Password: (noun) a variable length combination of characters, numbers and special characters, that gives their user a false sense of security.
We hear it all the time: a business was hacked, a database compromised, accounts ransacked, notification and liability, password cracked, blah blah blah. “How can this happen?” “Why didn’t they create a stronger password?” Well before you get too indignant, how well are you protecting your own data?
Is your password sufficient to stop the minions of organized crime, bored fifteen year olds killing time, or other ne’er do-wells intent on accessing your data?
It is difficult to remember different passwords, which is why 60-65% of people use the same password or similar passwords. This translates into it being more convenient to use your cat's name plus the month number and something about the website itself, then just change it every month. And that would look like this:
Amazon: (Puddy06Amaz) then (Puddy07Amaz) then (Puddy08Amaz)
Comcast (Puddy09Com) then (Puddy10Com) then (Puddy11Com)
And before you blame the cat for having an insufficiently difficult name, just think how silly it would be standing outside and calling “Here BH-jk!nhb#$@$n_8.”
So you can see it's just a matter of time before they get to your bank. How do they figure out the pattern? Look at your Facebook page, your Twitter, How often do you post about your favorite sports team, your pets, your kids, your hobbies? After they look at that, it's just a matter of time before they figure you out, and they have all the patience in the world.
You might slow the attackers down by using a passphrase instead of a password. Use a phrase from your favorite book, movie, or song. (1 phrase will rule them all!!) (I ain't never birthed no babies b4) (8 Days a Week)
Alternatively, have a password pattern for general accounts and a very different pattern for more sensitive accounts. Preferably one that you don’t plaster all over Facebook!
Then of course there are the other attacks, such as dictionary, malware, phishing and brute-force.
One way to help protect yourself is to get a password vault. With these you only have to remember one password or passphrase to unlock the vault and have access to your passwords.
Once you set it up, these vaults will randomly generate unique passwords for each website or account making it easier for you to reset passwords on a regular basis (a good practice to get into) and you don't have to make them up or remember them!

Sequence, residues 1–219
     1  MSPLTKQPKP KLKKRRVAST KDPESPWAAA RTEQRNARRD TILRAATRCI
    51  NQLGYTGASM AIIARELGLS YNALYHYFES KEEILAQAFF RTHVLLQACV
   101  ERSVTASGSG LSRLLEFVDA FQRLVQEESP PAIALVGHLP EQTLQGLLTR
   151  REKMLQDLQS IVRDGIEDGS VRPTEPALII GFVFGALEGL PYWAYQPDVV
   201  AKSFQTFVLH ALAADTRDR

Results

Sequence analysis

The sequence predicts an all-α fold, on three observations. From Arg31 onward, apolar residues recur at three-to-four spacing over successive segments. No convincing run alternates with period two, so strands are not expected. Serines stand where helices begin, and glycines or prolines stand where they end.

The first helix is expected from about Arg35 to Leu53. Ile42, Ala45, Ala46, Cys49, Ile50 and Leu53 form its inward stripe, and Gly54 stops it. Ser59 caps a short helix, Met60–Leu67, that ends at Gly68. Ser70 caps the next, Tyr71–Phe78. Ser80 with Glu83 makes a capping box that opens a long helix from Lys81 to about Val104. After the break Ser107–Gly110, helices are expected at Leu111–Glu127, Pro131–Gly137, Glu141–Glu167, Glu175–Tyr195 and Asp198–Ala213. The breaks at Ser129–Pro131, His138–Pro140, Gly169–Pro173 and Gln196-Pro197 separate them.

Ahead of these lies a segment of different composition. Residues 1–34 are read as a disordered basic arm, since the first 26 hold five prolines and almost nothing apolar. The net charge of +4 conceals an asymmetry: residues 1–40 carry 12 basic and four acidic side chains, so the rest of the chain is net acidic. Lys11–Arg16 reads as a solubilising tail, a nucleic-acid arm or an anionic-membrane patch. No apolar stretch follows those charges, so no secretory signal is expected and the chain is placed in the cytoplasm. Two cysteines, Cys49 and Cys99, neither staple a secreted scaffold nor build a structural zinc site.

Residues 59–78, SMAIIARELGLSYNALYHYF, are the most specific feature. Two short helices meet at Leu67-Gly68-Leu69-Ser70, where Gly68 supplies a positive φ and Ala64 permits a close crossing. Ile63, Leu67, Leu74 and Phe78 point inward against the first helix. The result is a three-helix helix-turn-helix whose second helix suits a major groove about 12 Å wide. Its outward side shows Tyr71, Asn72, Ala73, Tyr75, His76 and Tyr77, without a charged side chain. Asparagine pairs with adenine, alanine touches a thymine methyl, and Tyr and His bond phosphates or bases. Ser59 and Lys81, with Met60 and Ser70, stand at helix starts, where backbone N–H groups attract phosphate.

I'm not saying that businesses don't have responsibility in this; they need to get on board as well. How many sites do you go to where the passwords are restricted and:
- Has to be between 6 and 10 characters long
- Has to start with a letter
- Has to have at least 1 number
- No spaces or symbols
Really? That limits you so much and, again, just a matter of time with the right computer program to figure that one out.
And then you forget your password anyway, so you call them. Customer service tries to be as helpful as they can be: "Well, your password is a word and number." And when you still don't quite get it: "It's a place you might like to vacation and it starts with H" and by feigning forgetfulness, injected with humor, chatting up the Help Desk, you can get it narrowed down even more.
For the most part, people like you and me understand we are taking a risk, but we are still not willing to give up convenience.
How do you respond when your bank or other account calls you? Sometimes they ask for your zip code, date of birth, or address maybe to confirm they are indeed speaking with the owner of the account. But how do you know with whom YOU are speaking? You could call them back but that's inconvenient. Simon Davies of Privacy International suggests putting a nonsense word in the special instructions field on your account. Then when they call you, you ask them to read you that word. If they indeed are the bank, they have that word and can confirm it.
Technology is moving away from passwords and towards those things easier for us to remember and recognize on a personal level. We've seen pictures, for example, used with a pattern swipe, or face recognition. Right now that is still tied to a password or PIN and those are used as back up - so still hackable. But it's a move in the right direction.
Fingerprint recognition is accepted as highly secure and practically impossible to fool. But a Japanese cryptographer got past such a device by using Gummi Bears.
Kevin Mitnick, a famous hacker turned good guy, got around a voice authentication by using a program that fakes his phone number on caller ID. He then made sure that each number was represented, and, calling the CEO of the company he was testing with, asked the CEO if he had the "new" phone number and would he read it off to confirm it displayed properly. Now he had the CEO's voice with every number and broke in.
As data thieves get smarter and your one-size-fits-all password becomes less secure, it is important to routinely change your passwords and not use the same password on multiple sites. Being in the security industry, we see plenty of preventable data losses. While there isn't much you can do to prevent the next big breach, you can at least make it hard for data thieves to take your lost information and use it to access your other accounts.
For more information on data privacy, download our podcast Data Privacy for the Non-Technical Person. Patrick Townsend, our Founder & CEO, discusses what PII (personally identifiable information) is, what the most effective methods for protecting PII, as well as the first steps your company should take towards establishing a data privacy strategy.